I need to build my simulated instrument time toward IR. Can flying under the hood in a glider (with an instructor/safety pilot...) be legally counted as simulated instrument time in the same way would be the case had it been an ASEL?

  • $\begingroup$ Curious as to what country you live in, and what instruments are in the glider. My understanding is that actual cloud flying in gliders is still fairly common in Great Britain, even with no attitude indicator. (So, "partial panel"-- turn rate indicator as only gyro instrument.) This sort of thing used to be widely done all over Europe. Don't forget to bring your parachute! $\endgroup$ Commented Jul 30, 2019 at 3:14
  • $\begingroup$ Oops never mind you said FAA. Still curious about what instruments are in glider. $\endgroup$ Commented Jul 30, 2019 at 3:15

1 Answer 1


In the US, yes. According to the FARs you only need to have three hours in an airplane in preparation for the flight test and you must fly the cross country in an airplane so that’s probably another 3 hours.

It looks like you can log hours under the hood in a glider, but it would have to be with an airplane CFII. However, I don’t know that you would be able to train in any of the areas of operation except for (4) Flight by reference to instruments; so it probably wouldn’t be worth your time. I don’t know how you would fly an approach or fly a course by reference to navigation systems.

So as a practical matter, the answer is no.

§61.65 Instrument rating requirements.

(c) Flight proficiency. A person who applies for an instrument rating must receive and log training from an authorized instructor in an aircraft, or in a full flight simulator or flight training device, in accordance with paragraph (g) of this section, that includes the following areas of operation:

(1) Preflight preparation;

(2) Preflight procedures;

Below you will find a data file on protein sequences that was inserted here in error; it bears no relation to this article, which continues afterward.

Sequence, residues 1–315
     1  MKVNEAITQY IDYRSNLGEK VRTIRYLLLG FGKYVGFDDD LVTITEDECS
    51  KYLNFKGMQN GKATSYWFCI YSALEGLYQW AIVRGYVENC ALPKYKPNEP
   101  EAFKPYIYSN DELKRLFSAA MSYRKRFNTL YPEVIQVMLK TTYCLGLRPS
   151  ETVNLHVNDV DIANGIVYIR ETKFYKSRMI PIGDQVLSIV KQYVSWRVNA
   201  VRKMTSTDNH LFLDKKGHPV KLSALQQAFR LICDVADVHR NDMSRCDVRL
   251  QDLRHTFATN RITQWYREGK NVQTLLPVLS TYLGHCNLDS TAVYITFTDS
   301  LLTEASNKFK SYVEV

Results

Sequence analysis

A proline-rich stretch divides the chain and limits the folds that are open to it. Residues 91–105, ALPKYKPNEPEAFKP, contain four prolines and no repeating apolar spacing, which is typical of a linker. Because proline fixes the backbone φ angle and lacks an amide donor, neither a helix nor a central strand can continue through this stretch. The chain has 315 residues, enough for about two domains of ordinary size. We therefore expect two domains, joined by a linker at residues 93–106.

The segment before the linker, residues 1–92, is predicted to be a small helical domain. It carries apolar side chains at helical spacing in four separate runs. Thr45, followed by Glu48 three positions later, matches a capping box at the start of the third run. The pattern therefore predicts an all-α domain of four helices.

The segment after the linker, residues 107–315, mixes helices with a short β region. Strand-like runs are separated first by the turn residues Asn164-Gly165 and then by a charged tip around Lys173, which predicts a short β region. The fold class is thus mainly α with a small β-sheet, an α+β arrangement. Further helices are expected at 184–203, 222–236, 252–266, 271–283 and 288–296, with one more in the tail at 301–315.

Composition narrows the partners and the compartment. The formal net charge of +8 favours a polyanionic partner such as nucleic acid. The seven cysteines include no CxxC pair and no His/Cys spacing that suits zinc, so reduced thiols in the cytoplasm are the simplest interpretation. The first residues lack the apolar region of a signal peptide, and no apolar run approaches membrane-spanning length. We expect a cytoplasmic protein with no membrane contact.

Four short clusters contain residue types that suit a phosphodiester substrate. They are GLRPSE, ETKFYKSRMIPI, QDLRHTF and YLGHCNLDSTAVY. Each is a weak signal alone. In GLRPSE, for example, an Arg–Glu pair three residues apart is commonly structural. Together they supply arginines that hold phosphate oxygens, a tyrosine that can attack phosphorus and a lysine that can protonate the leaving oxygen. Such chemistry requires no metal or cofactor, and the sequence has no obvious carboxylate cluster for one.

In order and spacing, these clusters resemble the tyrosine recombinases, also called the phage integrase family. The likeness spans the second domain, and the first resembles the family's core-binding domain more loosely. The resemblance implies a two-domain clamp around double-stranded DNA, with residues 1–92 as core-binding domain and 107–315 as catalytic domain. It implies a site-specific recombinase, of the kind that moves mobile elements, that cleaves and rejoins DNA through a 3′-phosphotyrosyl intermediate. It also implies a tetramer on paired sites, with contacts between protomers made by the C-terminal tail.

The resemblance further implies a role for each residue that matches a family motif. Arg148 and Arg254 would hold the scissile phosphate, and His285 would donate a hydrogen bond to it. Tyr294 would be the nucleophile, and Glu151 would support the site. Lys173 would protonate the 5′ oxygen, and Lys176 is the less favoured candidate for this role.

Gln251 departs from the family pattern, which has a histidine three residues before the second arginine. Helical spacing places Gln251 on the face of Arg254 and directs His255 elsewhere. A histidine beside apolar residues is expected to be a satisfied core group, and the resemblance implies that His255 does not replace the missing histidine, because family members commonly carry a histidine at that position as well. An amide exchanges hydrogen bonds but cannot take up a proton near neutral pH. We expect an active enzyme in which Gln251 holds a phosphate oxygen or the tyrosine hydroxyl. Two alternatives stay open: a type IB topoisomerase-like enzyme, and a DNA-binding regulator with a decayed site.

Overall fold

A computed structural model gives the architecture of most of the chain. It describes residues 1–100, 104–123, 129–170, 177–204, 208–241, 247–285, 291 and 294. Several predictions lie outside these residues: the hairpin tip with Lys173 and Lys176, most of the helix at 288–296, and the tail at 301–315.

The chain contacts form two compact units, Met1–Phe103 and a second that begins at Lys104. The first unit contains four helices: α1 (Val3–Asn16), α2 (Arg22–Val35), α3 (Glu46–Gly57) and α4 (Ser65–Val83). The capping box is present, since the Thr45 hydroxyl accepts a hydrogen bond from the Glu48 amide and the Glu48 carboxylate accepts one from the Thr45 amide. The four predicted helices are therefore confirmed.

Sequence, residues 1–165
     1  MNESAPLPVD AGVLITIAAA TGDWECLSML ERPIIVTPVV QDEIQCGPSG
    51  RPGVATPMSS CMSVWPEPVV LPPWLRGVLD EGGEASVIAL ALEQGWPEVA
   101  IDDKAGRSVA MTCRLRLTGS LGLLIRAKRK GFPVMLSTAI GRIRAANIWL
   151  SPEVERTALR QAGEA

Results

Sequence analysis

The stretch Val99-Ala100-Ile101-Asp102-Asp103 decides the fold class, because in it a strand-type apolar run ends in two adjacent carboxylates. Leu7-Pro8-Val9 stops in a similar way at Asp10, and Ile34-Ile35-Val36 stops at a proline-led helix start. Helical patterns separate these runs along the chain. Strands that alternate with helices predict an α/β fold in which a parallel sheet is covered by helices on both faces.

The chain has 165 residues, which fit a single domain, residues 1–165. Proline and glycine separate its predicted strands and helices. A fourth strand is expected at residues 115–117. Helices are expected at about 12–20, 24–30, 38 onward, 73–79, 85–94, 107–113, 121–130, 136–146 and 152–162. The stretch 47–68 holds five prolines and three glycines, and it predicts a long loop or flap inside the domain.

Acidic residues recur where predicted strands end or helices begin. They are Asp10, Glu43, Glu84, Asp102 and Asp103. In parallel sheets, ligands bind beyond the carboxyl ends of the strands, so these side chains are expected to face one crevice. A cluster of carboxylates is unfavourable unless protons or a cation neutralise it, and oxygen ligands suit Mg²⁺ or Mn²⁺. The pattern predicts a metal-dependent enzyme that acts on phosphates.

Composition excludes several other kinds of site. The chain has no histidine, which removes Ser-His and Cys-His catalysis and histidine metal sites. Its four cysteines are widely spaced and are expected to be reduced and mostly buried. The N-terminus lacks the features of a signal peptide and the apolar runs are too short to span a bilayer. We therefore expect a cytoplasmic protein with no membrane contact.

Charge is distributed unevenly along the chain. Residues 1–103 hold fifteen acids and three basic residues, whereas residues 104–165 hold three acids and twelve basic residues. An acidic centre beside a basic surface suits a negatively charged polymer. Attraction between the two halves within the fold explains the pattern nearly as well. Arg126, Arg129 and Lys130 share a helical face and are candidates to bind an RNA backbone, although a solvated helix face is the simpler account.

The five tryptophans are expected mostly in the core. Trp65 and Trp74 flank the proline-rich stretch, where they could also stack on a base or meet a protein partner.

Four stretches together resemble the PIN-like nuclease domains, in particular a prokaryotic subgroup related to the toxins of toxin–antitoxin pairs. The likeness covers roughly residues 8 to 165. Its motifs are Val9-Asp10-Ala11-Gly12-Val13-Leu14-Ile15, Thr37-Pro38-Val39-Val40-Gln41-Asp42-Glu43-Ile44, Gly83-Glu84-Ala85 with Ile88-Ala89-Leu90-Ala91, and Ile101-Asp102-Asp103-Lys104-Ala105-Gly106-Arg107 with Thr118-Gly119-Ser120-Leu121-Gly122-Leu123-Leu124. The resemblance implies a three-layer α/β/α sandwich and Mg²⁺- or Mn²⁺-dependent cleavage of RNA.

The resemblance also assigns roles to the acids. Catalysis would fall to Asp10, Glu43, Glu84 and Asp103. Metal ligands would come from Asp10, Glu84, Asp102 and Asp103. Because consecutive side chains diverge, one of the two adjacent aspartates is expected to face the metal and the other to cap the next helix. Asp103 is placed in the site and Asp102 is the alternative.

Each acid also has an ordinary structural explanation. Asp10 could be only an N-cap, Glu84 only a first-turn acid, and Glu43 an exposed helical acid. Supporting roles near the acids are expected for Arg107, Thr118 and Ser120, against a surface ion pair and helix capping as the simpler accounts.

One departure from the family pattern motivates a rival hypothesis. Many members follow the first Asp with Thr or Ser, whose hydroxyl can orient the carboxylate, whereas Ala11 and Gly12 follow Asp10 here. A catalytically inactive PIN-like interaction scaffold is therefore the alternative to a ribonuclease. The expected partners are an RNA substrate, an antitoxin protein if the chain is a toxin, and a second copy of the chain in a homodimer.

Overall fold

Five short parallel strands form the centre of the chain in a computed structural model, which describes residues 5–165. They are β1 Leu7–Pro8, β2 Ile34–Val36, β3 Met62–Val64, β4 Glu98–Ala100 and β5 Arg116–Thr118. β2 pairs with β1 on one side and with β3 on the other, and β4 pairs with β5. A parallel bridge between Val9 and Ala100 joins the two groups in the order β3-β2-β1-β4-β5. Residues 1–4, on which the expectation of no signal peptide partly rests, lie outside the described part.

(3) Air traffic control clearances and procedures;

(4) Flight by reference to instruments;

(5) Navigation systems;

(6) Instrument approach procedures;

(7) Emergency operations; and

(8) Postflight procedures.

As an aside, I used to rent out my Cherokee to helicopter commercial students who needed instrument training

(i) Five hours on the control and maneuvering of a helicopter solely by reference to instruments using a view-limiting device including attitude instrument flying, partial panel skills, recovery from unusual flight attitudes, and intercepting and tracking navigational systems. This aeronautical experience may be performed in an aircraft, full flight simulator, flight training device, or an aviation training device;

  • $\begingroup$ Actually, in my case I became quite proficient in nearly all of the required skills by simply using a flight simulator with simulated ATC (pilotedge) so that I mostly need to build the time just as a formality. $\endgroup$
    – GJ.
    Commented Jul 30, 2019 at 11:32
  • $\begingroup$ @GJ Agreeed. Simulators are great for practicing your scan, learning to multitask, and reading approaches. I have way more sim time than hood time. $\endgroup$
    – JScarry
    Commented Jul 30, 2019 at 15:09

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